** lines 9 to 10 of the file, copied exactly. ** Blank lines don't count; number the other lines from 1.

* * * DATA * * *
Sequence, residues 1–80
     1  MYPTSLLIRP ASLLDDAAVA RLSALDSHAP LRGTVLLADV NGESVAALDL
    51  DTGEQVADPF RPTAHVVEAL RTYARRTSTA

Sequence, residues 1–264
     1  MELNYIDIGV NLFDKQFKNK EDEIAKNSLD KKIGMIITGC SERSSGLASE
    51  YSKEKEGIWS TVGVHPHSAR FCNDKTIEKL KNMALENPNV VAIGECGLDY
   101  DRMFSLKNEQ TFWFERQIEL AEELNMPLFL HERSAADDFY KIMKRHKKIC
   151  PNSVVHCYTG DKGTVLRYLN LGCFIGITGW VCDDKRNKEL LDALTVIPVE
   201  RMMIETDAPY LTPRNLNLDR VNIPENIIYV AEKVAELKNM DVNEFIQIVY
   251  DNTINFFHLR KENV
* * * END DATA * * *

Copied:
   201  RMMIETDAPY LTPRNLNLDR VNIPENIIYV AEKVAELKNM DVNEFIQIVY
   251  DNTINFFHLR KENV